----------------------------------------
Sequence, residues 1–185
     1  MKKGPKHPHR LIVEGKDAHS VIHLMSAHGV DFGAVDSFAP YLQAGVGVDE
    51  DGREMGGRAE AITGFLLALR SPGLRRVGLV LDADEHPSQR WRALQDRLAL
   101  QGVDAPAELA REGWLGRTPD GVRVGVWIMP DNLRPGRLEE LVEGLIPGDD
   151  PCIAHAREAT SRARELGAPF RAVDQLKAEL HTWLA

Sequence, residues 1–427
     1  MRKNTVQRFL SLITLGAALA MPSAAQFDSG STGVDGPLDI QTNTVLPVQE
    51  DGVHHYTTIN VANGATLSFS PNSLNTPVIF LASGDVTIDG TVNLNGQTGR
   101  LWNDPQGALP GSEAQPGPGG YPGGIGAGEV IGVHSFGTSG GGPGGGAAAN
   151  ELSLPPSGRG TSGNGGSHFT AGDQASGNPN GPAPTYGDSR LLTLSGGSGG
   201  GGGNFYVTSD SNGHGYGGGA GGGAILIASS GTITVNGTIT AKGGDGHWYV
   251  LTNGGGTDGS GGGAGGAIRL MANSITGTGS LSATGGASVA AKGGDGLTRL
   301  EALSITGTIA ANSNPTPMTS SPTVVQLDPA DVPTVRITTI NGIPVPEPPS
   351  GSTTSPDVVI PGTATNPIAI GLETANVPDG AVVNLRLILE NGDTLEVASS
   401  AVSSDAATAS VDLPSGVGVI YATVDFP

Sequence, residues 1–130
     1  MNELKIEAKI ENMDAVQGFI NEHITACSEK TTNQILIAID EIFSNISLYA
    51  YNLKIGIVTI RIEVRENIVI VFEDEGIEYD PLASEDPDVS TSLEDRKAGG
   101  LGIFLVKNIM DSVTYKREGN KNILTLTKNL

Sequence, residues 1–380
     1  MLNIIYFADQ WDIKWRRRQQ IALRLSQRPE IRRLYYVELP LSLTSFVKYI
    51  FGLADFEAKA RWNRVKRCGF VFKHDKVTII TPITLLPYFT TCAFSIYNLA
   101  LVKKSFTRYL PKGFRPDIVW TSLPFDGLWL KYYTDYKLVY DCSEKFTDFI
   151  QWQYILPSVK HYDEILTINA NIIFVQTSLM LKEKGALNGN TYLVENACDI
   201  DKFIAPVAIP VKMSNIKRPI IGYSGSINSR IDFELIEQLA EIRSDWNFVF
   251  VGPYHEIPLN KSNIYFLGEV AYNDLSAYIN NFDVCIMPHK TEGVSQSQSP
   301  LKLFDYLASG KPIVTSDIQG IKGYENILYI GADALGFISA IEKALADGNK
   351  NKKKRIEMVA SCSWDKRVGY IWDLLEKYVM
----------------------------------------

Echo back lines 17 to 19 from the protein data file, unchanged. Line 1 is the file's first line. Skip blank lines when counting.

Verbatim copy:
     1  MNELKIEAKI ENMDAVQGFI NEHITACSEK TTNQILIAID EIFSNISLYA
    51  YNLKIGIVTI RIEVRENIVI VFEDEGIEYD PLASEDPDVS TSLEDRKAGG
   101  LGIFLVKNIM DSVTYKREGN KNILTLTKNL